Dell’Abate shares his brother’s story to educate students on World AIDS Day

Usually when teenagers hear Gary Dell’Abate speak in the mornings they’re doing a lot of laughing.

But the message that Mr. Dell’Abate, the longtime producer of The Howard Stern Show known infamously as “Bababooey,” had for students at Greenwich High School Thursday was completely serious. To mark World AIDS Day, Mr. Dell’Abate spoke to more than 300 students in the GHS auditorium in a presentation put together by the Greenwich-based Red Ribbon Foundation, which raises money to fight the disease, and the message he brought with him was a very personal one.

Mr. Dell’Abate is not just someone who has spent decades working to raise awareness and money to fight for a cure for AIDS, he’s someone the disease has touched personally. In speaking to the students last week, Mr. Dell’Abate talked about his brother Steven, who died of AIDS in 1991 at the age of 34. He said he wasn’t there to lecture or scare any of the teenagers in his audience, just talk about the realities of the disease by sharing his brother’s story and discussing what it was like when AIDS first became an issue in the United States, years before the current crop of GHS students were even born.

“People were dying at an alarming rate and that’s something you kids have never experienced,” Mr. Dell’Abate said. “I was working in the entertainment industry and this was a disease that hit us very hard. It seemed like every two or three weeks someone would pass away. You would call a publicist or a manager and they just wouldn’t be there anymore. It was pretty unbelievable and we didn’t know what the disease was and how you got it. I remember a gentleman I worked with and he had a cough but he seemed fine. He had a Halloween party and we all went to it and he was a little bit sick but seemed fine and he was dead by Thanksgiving. We couldn’t believe it.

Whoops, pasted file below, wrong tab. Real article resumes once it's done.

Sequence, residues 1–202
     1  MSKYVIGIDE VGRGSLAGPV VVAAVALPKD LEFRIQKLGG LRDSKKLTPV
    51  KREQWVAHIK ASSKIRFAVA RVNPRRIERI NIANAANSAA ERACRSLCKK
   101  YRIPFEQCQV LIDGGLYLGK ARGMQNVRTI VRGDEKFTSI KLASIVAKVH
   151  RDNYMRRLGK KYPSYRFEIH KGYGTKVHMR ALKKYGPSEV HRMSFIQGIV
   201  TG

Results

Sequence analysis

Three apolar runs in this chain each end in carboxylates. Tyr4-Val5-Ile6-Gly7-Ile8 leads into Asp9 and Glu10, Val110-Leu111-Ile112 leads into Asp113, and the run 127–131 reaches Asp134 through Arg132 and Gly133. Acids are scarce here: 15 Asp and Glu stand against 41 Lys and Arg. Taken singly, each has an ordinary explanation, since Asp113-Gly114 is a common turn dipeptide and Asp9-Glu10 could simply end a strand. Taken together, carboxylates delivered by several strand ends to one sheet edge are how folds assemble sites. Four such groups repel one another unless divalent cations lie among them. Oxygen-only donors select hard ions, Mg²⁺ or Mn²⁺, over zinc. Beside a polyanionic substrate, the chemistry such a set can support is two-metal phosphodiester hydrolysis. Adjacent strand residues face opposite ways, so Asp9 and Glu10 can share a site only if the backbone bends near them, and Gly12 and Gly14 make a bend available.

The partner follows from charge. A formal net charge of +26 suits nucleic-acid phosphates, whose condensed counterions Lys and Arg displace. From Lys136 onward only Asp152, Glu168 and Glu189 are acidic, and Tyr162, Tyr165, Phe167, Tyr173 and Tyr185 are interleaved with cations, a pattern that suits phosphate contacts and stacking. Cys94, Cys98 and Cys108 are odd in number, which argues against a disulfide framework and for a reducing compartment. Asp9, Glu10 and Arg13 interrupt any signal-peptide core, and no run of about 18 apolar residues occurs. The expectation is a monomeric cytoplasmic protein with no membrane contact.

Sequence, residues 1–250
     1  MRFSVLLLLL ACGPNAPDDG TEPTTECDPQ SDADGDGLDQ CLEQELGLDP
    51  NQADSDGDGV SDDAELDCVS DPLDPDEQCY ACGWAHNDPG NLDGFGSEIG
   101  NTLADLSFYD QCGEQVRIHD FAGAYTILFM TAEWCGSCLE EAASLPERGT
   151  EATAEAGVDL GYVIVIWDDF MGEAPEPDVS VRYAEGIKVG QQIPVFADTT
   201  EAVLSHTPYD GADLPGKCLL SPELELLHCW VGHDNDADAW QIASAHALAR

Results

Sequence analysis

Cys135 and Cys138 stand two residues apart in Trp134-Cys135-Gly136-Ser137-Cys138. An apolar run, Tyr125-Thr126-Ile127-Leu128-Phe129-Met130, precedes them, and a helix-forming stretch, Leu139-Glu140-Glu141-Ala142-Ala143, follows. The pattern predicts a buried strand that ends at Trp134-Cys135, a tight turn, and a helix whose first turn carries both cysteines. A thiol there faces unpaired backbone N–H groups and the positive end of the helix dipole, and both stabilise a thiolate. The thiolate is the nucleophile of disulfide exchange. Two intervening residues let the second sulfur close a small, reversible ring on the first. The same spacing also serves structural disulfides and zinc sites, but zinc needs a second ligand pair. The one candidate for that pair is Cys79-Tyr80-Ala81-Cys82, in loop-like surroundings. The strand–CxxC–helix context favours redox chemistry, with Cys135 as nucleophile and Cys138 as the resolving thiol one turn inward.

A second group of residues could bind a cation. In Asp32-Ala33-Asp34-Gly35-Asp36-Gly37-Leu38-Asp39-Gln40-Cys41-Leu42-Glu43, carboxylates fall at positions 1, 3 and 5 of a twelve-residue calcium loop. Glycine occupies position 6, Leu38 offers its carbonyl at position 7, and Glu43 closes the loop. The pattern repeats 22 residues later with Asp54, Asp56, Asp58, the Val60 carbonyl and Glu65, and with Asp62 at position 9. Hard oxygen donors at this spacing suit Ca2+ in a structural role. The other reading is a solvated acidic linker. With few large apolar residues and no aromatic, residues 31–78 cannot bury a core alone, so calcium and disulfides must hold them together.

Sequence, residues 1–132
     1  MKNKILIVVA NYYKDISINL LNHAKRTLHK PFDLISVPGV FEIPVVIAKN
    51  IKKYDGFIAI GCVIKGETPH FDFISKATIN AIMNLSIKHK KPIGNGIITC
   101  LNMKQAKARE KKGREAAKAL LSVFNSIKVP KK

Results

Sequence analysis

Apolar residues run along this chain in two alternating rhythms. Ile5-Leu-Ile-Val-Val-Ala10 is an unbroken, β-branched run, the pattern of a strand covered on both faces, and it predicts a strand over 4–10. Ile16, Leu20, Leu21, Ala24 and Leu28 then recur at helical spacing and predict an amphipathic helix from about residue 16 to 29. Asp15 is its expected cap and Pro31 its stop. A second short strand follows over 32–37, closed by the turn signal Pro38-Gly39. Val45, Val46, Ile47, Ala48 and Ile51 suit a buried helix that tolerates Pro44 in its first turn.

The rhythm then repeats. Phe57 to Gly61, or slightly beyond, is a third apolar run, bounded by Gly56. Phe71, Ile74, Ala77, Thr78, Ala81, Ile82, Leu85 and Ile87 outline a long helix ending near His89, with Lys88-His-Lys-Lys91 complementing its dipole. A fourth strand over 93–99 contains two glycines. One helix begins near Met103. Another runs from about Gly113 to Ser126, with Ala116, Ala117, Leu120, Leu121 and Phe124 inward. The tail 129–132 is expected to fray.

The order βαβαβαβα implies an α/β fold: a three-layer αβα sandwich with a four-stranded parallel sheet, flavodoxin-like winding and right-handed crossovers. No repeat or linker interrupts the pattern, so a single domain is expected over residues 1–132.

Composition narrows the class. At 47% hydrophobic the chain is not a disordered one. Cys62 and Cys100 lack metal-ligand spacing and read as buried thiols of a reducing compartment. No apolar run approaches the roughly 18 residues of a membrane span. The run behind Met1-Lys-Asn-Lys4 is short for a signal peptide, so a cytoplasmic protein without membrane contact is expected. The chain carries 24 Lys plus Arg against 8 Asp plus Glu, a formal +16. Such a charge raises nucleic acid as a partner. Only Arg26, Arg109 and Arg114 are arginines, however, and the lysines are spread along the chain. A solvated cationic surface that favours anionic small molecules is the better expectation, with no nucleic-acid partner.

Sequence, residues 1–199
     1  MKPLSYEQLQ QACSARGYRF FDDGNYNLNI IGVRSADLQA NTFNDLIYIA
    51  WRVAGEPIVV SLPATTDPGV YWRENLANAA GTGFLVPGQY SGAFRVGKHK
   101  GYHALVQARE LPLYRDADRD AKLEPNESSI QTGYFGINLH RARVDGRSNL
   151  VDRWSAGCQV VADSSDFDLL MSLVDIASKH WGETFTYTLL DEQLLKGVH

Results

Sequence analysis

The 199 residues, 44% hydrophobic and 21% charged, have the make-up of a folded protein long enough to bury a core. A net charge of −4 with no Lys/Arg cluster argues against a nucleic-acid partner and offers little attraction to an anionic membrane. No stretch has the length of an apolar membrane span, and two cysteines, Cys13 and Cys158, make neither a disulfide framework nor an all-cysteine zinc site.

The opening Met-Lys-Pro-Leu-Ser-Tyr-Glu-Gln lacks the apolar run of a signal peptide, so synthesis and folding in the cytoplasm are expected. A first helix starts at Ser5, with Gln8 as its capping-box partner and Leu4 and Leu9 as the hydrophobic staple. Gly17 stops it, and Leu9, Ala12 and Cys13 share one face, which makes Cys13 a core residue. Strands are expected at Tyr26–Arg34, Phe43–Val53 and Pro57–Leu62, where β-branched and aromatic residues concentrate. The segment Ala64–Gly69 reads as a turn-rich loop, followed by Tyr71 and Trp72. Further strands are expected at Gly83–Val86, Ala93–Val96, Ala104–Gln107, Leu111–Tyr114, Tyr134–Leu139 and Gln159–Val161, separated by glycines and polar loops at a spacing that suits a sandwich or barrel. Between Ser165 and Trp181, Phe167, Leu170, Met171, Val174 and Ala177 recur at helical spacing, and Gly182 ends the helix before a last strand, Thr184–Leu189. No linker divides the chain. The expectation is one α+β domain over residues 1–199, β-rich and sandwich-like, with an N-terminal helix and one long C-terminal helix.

No one knew what was wrong with him and there was a lot of ignorance at that time. We were sad he died but more than that we were petrified. Could you get it by being in the same room as him and breathing the same air? Could you get it from taking a sip of a soda he’d been drinking or taking a drag of a cigarette he’d been smoking? Nobody knew and there was this immediate stigma against the disease and the gay community.”

But it was what happened to his brother that really galvanized Mr. Dell’Abate to get involved. When he heard his brother was HIV-positive, Mr. Dell’Abate said it was “probably one of the most difficult pieces of news” he had ever gotten in his life. Over the next years, Mr. Dell’Abate had to watch his brother slowly waste away physically and mentally and die “one day at a time.” He told the GHS students about the struggles to get him decent medical care, as many in the medical community then were ignorant about the disease. All the while he looked for cures for AIDS as he investigated ideas like massive amounts of Vitamin C or total blood transfusions that were nothing more than bad science or scams.

“There was so much fear about this disease and so much animosity toward the gay community,” Mr. Dell’Abate recalled. “I had gotten a bunch of pamphlets from the doctor with the Vitamin C idea and I was reading them on the subway trying to educate myself and a bunch of girls got on board. They had just gotten out of private school and had their uniforms on. As I was reading, one of the girls was looking over my shoulder and she stared at me right in the eye and then screamed out to the entire train ‘He’s got AIDS!’ Everybody stopped in their tracks and they looked at me with pity and anger and most people were scared out of their minds thinking they were in a subway car with a guy with AIDS. It was an amazing moment for me because I really got to understand and feel what people with the disease and even gay people without the disease were feeling.”